Thursday, December 17, 2015

Neptune Fire District No. 1 pays $150,000 to settle whistleblower and discrimination lawsuit.

On November 17, 2015, the Neptune Township Fire District No. 1 (Monmouth County) agreed to pay $150,000 to an African-American firefighter, who said that he wasn't being paid for the extra work he was doing, was subjected to racial discrimination and retaliated against for making Open Public Records Act (OPRA) requests.

In his suit, Dwayne Breeden, a paid firefighter who also worked for the District as a fire inspector, said that he was appointed to the position of "Temporary Fire Official" after Kenneth G. Northrup's retirements from the Fire Official position in 2009.  Yet, Breeden claimed, he was being paid much less than Northrup even though Breeden performed duties as a firefighter in addition to his duties as a Temporary Fire Official.

Breeden claimed that before he could be paid more, state officials needed to approve his "Firefighter/Fire Official" position.  After he began to suspect that he was being "given the proverbial run-around" regarding the approval, he submitted an OPRA request to the District.  He said that he was initially pleased when, in April 2011, the Board agreed to negotiate with him.  Although he responded promptly to the District's overtures, Breeden claimed that the District reneged on its promise to negotiate and pay him extra for his Fire Official duties.  He claimed that his further inquires and OPRA requests resulted in harassment and retaliation.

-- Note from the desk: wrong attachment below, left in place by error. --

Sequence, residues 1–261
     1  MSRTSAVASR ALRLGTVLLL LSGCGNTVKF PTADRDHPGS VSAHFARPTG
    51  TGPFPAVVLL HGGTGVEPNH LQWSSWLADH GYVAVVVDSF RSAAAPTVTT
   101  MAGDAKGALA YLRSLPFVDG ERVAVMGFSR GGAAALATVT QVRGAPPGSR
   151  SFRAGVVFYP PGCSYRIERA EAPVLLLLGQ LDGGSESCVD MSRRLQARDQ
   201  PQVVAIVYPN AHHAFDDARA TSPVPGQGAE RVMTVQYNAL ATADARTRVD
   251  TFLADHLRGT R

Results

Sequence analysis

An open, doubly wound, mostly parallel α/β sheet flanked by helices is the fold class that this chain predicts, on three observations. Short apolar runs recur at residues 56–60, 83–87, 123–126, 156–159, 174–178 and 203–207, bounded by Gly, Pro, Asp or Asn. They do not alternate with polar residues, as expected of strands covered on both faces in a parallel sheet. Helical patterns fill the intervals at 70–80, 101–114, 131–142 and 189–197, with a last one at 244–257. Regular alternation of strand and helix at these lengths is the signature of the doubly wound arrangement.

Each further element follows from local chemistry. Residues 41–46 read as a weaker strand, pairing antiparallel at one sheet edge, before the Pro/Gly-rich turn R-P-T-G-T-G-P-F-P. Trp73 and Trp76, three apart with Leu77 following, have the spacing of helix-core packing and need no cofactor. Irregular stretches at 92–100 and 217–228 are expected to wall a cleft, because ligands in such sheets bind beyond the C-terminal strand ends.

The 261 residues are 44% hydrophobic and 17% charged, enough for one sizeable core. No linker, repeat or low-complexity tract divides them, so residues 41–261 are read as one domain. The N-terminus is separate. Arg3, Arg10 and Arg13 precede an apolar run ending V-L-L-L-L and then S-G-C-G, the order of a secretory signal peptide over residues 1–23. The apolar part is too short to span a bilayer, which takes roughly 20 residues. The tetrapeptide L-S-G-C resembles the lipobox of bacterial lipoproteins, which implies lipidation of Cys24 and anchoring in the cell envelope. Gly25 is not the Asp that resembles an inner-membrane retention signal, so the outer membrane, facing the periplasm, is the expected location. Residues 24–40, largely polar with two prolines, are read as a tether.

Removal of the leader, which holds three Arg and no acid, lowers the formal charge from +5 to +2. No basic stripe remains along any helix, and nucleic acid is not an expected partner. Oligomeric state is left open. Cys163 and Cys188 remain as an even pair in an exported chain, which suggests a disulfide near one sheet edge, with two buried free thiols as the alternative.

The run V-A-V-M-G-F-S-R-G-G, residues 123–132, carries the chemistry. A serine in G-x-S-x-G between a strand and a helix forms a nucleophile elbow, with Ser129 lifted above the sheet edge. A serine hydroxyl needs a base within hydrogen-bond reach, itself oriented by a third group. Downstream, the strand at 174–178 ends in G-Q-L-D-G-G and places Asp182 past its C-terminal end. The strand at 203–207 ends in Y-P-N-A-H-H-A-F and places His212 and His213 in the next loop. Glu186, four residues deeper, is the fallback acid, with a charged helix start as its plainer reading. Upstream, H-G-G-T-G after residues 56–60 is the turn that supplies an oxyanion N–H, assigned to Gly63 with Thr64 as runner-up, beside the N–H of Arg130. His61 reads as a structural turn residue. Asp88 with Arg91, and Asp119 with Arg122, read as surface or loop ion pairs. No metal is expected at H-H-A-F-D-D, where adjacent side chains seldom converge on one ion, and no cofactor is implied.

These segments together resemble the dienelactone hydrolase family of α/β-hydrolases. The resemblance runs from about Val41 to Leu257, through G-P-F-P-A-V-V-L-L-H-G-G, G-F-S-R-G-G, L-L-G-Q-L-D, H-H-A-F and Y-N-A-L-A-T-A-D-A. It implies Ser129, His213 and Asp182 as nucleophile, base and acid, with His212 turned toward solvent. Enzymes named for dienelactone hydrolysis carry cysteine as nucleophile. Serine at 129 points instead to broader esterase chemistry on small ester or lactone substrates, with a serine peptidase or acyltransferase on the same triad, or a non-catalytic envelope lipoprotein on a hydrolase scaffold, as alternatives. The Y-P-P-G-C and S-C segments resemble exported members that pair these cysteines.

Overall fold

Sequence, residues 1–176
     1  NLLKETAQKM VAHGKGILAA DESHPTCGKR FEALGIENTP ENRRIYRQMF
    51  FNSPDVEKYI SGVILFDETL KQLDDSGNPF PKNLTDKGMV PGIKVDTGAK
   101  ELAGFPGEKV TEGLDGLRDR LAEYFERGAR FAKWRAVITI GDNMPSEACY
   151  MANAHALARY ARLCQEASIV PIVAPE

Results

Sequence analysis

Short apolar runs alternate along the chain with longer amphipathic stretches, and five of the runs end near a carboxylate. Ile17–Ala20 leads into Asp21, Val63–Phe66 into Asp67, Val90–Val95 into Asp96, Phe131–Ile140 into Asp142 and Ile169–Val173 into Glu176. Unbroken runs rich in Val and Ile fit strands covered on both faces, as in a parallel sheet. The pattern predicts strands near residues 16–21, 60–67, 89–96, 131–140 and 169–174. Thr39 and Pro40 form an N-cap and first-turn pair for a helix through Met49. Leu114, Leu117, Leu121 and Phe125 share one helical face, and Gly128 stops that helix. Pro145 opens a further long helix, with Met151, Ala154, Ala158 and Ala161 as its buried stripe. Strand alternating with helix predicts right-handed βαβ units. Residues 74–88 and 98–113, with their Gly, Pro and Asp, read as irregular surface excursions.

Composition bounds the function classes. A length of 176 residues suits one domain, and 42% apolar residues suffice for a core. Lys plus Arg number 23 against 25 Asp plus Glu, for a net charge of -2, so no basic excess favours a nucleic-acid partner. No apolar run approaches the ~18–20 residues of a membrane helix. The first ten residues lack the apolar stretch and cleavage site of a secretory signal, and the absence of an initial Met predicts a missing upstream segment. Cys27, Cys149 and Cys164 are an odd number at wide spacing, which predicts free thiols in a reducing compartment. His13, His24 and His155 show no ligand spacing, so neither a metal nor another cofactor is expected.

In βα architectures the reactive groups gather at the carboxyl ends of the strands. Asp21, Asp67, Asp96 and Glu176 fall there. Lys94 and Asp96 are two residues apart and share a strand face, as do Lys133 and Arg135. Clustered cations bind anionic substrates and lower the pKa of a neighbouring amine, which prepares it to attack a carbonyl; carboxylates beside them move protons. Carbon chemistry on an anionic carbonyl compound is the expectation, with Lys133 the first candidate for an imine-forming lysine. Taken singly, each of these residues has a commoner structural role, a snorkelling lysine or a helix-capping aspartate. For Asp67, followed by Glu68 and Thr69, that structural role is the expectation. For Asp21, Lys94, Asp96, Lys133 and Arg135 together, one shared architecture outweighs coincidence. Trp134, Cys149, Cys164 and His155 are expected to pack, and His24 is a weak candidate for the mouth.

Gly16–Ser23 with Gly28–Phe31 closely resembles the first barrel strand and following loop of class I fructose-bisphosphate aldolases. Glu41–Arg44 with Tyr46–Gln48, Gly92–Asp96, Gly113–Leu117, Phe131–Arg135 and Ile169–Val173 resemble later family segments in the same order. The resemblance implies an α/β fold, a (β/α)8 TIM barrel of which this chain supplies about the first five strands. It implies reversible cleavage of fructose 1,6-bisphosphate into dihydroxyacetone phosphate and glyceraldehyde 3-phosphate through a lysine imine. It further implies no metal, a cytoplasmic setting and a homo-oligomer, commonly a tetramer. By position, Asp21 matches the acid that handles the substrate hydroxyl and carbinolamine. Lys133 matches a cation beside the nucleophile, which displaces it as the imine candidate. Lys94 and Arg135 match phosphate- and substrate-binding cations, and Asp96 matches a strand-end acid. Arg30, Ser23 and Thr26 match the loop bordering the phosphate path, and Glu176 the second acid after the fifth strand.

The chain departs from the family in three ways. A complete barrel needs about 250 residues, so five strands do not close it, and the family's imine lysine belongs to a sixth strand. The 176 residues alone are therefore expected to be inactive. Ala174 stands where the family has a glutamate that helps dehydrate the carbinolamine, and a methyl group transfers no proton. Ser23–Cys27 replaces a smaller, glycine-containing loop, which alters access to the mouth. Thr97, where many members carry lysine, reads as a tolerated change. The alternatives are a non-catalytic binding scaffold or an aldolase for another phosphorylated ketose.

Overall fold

Responding to the retaliation, Breeden said that he "blew the whistle" on what he claimed was the District's "attempts at compromising fire safety and prevention in Neptune Township."  In support of that claim, Breeden asserted that since he took over Northrup's job, the Board did not reappoint a fire inspector.  Accordingly, Breeden said he was aggrieved by having to simultaneously perform the Fire official's job, the inspector's job as well as function as a paid firefighter.

Breeden said that he also contacted Frank Clark of the New Jersey Division of Fire Safety to complain about the Board not enforcing violations in a timely manner and for committing "financial improprieties."   This, he said, caused Clark to perform a field visit to the District and issue an unfavorable report.